Uprooted – Naomi Novik
A Long Time Until Now – Michael Z Williamson
Seveneves – Neal Stephenson
Son of the Black Sword – Larry Correia
Strands of Sorrow – John Ringo
Nethereal – Brian Niemeier
Ancillary Mercy – Ann Leckie

The only difference was I assumed Correia would bow out again (which isn’t to say he won’t) and stuck in Jemisin and Walton, who were tied only to be beaten by Leckie by one vote probably voiced in the month  between when I made my call and when Kate closed the comments section.  As Judgedeadd points out below, votes for Leckie were miscounted, so I called it right back in February after all.  Jemisin and Walton should both be on the list with 8 votes each.

We’re on the cutting edge here at Cirsova, folks.

It may have been a mistake to post a recommended reading list with probably over a million words of content two weeks before nominations close.  Unless it was a clever trick to say “aha!  Sad Puppies was about the discussion, not the final list!” in which case, well played.  That means that those who came over from places like File770 to leave comments and votes are now Sad Puppies.

Without the synergy between Sads & Rabids this year, I think we’ll see less of a direct impact this time around, but I think that it gives a pretty good look at how the Hugo noms would’ve shaken out with or without the Puppies. Plus, it may give the statisticians out there a better look at just how much pull Vox has.  There was a lot of talk last year that there were actually only a handful of Sad Puppies and the 500 or so Vile Faceless Minions were the deciding factor.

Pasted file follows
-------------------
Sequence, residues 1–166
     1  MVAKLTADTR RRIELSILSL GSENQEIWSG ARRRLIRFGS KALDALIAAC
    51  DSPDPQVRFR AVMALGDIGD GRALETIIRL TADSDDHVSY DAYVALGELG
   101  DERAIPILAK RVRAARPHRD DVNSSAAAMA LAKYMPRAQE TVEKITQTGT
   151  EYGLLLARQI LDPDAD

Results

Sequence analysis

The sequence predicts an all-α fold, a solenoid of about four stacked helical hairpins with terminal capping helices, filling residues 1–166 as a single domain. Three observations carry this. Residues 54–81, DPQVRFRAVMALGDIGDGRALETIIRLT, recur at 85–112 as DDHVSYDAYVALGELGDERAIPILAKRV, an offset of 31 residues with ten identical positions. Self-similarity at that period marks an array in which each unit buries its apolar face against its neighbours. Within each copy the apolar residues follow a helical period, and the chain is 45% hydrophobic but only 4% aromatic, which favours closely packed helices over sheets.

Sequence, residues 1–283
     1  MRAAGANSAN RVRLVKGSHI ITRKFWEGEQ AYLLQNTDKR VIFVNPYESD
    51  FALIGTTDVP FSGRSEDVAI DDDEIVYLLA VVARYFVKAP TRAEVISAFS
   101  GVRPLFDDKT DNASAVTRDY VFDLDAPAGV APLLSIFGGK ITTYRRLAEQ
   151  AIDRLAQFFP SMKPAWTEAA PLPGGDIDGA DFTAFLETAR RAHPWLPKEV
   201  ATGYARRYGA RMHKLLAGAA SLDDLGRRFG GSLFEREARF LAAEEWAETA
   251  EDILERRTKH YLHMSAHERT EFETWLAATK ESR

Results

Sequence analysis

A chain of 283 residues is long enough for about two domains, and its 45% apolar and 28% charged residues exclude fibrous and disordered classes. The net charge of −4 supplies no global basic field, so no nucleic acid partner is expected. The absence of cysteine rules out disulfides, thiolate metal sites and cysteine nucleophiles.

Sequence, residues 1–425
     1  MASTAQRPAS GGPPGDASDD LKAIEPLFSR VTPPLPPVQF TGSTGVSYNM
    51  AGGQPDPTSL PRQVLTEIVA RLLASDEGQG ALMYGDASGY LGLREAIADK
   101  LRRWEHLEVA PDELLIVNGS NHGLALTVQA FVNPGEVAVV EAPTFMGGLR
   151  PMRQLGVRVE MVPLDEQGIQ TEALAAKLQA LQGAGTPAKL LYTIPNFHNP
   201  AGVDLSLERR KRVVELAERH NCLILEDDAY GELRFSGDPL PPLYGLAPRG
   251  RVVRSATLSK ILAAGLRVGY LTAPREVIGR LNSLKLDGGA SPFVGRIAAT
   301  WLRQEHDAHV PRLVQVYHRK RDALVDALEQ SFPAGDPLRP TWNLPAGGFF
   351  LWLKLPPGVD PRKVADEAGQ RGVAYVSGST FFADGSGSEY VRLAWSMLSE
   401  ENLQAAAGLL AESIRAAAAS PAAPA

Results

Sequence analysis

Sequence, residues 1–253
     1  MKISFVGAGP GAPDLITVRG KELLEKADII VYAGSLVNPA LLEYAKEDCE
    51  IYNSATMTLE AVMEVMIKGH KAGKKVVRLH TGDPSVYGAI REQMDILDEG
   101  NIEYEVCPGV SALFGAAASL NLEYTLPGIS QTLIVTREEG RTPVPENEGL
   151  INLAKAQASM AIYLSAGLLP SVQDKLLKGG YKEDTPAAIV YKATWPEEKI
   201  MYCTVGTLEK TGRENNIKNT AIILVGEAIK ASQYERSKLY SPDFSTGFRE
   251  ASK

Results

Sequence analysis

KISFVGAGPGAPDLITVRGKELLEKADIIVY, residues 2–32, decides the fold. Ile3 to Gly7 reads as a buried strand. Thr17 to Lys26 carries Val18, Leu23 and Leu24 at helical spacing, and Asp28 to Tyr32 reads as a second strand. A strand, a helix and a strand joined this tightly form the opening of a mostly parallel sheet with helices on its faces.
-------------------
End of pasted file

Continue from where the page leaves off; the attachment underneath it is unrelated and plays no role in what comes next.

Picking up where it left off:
Vox has been posting his own list slowly over the course of the last month and a half showcasing some of his own bizarre and sometimes hilarious picks. After a friend and I clicked through some titles the other night, absolutely cracking up laughing, I’ve decided that Chuck Tingle probably deserves an award for something .  Maybe not a Hugo, but sure, man, somebody toss that guy a trophy.

In any case, the lack of media circus with its libelous accusations this year can’t be a bad thing.

Below are my own picks and recommendations (in categories where I recommended more than 5, I’m not saying who I did and didn’t vote for).

Best Novel
Torchship – Karl Gallagher
The Sceptre of Morgulan – Matthew D. Ryan

Best Dramatic Presentation Short
Star Wars: Tie Fighter – Paul Johnson
Modern Educayshun – Neel Kolhatkar
iZombie: Blaine’s World – Michael Fields / Rob Thomas

Best Dramatic Presentation Long
Jupiter Ascending – The Wachowskis

Best Related
Retrospective: Appendix N – Jeffro Johnson
Safe Space as Rape Room: Science Fiction Culture and Childhood’s End – Daniel Eness
The Story of Moira Greyland – Moira Greyland
Gamergate Life – Kukuruyo

Best Graphic Story
Rusty & Co.: Circus Minimus – Mike R.
Gamergate Life – Kukuruyo

Best Fanzine
The Book Wars
Castalia House
Superversive SF
Lurking Rhythmically
Mad Genius Club
File 770

Best Fancast
Honey Badger Radio
NEET Life: Dead Gamers Talking

Best Fanwriter
Douglas Ernst
Jeffro Johnson
Planetary Defense Commander
Ron Edwards
Zenopus Archives

Best Fan Artist
Jabari Weathers

Too bad one of the requirements for Semi-Pro Zine is having at least 4 issues; if the field is really as thin as Kate suggests, it would be a great opportunity for Cirsova to swoop in and raise some eyebrows.  We may have 4 issues by next spring, though.  More on that soon, I hope!


Pulps and Puppies

Cirsova got a mention the other day in a French SFF blog post where I get name dropped as a Puppy supporter. It’s in French, but fortunately French is one of those languages that doesn’t parse into total gibberish with translation software.

The Short version is ‘the Puppies are made up of ultraconservative American authors’ and ‘while the Puppies are nominally defenders of the pulps and the pulpy, they might not actually be very pulpy in practice’.

While the first point is utter nonsense, the latter is a bit more interesting. Yes, my biggest gripe with the Puppies was that I didn’t feel like they were putting forth the sort of pulpy SF that I’d hoped for. Even this year there’s a lot of squee about Tuesdays with Molakesh the Destroyer that I just don’t get.

It’s less, I think, that the Puppies aren’t what they claim to be and more they are not what others claim them to be.